So Cold The River Stars West Baden Springs Hotel

So Cold the River movie poster art features the West Baden Springs Hotel
Photos courtesy Dittoe PR

SOME LOCATIONS can be recreated for the movies. Funky Bones, the Newfields sculpture central to John Green’s The Fault in Our Stars, was copied in Pittsburgh when Indy’s then-lack of incentives for movie-making proved inhospitable to that film’s budget crunchers. 

But there was no way the producers of So Cold the River, the Indiana-centric film being released theatrically on March 25 and based on Michael Koryta’s novel, were going to try to recreate that story’s core location elsewhere. After all, where else would you find anything like the West Baden Springs Hotel, the 243-room Southern Indiana wonder with its 200-foot atrium, massive dome, and National Historic Landmark status?

“We literally shut down the hotel for six weeks and even shut down the casino for a day,” says Zachary Spicer, CEO of Bloomington-based Pigasus Pictures, producer of the film. “I don’t want to think about how much that cost them.” 

Shooting on location in French Lick helped make So Cold the River possibly the largest-scale film production the state has seen since Rudy strapped on shoulder pads. While Spicer wouldn’t state a budget, he said the film cost significantly less than most Hollywood films but more than the most recent Indiana-shot film to get national attention, 2017’s $700,000 arthouse film Columbus.

Deanna Dunagan and Bethany Joy Lenz at a West Baden Springs Hotel Bar in So Cold the River

The supernatural thriller features Bethany Joy Lenz (best known from TV’s One Tree Hill) and Deanna Dunagan (Tony winner for August: Osage County). It concerns a documentary filmmaker with a troubled past who stumbles on a family curse while ensconced at the Southern Indiana resort for research. It turns out the water isn’t only cold, it’s downright dangerous.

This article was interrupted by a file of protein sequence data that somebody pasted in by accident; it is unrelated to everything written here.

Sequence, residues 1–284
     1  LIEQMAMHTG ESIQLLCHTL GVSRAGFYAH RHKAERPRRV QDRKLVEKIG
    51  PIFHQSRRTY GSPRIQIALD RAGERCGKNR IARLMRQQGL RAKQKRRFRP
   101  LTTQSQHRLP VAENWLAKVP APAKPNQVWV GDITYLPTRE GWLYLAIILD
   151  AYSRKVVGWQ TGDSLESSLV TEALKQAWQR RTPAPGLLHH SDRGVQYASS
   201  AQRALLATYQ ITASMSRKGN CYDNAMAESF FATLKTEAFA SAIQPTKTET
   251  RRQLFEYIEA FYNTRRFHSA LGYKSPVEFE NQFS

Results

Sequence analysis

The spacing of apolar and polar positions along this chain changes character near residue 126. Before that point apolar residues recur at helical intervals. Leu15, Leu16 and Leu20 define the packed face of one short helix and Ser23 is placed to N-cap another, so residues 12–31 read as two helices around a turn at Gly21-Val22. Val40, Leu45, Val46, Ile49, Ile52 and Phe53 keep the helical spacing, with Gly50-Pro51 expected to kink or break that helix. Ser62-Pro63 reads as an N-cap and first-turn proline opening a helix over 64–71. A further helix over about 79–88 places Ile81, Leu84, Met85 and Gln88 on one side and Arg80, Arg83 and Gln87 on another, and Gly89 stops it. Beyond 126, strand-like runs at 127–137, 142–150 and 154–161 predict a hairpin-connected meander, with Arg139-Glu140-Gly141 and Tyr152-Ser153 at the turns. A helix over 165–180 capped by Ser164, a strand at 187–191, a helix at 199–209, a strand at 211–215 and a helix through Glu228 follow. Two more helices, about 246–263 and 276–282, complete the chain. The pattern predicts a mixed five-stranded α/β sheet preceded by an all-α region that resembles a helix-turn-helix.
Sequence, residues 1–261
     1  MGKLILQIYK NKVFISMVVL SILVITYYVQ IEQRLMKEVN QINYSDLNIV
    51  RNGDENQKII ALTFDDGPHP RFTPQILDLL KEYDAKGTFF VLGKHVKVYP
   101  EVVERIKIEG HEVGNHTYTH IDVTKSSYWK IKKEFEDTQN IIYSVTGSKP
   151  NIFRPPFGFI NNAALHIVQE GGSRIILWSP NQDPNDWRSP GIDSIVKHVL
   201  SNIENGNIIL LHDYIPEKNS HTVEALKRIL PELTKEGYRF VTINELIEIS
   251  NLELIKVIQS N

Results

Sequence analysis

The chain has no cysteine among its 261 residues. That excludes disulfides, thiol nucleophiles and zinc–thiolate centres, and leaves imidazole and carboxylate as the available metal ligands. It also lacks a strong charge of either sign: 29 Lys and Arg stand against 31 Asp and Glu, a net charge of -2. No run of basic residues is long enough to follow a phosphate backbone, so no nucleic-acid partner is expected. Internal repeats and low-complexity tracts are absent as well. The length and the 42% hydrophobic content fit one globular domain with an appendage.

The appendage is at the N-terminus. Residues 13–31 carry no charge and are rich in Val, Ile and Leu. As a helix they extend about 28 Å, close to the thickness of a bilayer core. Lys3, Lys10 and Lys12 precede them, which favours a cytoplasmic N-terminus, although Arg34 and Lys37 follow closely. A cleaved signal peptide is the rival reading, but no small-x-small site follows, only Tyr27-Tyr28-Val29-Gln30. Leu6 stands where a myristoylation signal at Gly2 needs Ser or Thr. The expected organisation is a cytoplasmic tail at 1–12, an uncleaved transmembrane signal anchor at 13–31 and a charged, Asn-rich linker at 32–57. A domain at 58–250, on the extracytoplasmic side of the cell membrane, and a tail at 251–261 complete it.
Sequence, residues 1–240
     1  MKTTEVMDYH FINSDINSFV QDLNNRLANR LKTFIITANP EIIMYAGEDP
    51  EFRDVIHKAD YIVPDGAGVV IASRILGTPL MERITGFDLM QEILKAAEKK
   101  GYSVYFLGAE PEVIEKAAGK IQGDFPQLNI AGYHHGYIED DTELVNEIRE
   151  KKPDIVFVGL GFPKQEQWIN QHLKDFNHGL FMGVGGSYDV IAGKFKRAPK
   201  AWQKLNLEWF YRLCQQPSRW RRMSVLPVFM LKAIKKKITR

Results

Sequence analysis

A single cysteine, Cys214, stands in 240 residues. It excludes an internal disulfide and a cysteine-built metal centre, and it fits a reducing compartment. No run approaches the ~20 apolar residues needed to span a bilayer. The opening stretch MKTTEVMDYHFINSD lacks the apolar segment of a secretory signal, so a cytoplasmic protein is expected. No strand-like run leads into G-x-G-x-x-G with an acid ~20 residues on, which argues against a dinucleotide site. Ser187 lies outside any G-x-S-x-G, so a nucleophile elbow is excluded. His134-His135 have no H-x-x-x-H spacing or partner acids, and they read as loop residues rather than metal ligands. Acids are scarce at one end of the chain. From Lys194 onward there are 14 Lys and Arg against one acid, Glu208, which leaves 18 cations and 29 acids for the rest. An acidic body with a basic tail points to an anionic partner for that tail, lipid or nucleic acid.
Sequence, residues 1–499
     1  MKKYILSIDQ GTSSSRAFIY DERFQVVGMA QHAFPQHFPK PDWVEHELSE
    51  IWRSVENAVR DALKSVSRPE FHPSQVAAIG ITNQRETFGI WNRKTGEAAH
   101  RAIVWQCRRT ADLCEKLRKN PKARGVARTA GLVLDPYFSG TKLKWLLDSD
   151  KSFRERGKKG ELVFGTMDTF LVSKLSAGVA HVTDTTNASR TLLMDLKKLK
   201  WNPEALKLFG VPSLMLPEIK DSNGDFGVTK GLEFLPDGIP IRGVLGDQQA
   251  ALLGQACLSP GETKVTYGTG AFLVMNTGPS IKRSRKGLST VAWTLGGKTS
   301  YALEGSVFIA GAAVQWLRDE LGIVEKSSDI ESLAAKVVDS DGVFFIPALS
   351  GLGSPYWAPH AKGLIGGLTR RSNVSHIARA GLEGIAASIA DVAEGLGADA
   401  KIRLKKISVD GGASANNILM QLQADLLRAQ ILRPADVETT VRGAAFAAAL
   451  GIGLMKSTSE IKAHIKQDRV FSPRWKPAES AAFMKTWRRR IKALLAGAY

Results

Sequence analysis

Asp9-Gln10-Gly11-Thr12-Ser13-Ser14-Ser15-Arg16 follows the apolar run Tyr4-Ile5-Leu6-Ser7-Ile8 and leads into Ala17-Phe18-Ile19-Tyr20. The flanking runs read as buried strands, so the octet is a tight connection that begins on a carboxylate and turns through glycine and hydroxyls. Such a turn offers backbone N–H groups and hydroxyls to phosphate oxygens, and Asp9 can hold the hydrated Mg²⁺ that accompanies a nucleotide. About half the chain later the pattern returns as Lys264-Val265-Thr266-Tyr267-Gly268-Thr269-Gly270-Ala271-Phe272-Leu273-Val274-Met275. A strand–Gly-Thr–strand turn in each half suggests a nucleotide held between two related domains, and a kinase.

When discussions began about adapting Koryta’s book for the screen, changes had to be made. The lead character even underwent a gender switch. But there was no question that it had to be shot primarily at the hotel in spite of its out-of-the-way location. Which could have been a deal-breaker for other production companies.

“That might have been an obstacle if you’re not from Indiana,” says Spicer. With a creative team filled with IU alumni, “we didn’t face the challenge of having to go to an unknown place. It can seem daunting. But if you work within a community, it’s not daunting at all. It becomes a grassroots endeavor.” And deals could be made—including having the cast and crew take up residence in more than 60 rooms at the hotel for the duration of the complicated shoot, which wrapped up just a week before the quarantines hit in early 2020. 

Was the real West Baden Springs Hotel management concerned about being associated with a cinematic horrorshow? After all, bloody bodies aren’t usually a selling point.

“There was initial concern about what this was going to be,” says Spicer. “But look at the hotel in The Shining. That sells out year-round, and that movie came out more than 40 years ago.”

So Cold the River will be released in select theaters nationwide. Participating Indianapolis theaters include Living Room Theaters and Landmark’s Glendale 12 Theatre. It will be released On Demand and digitally on March 29.

View the trailer below: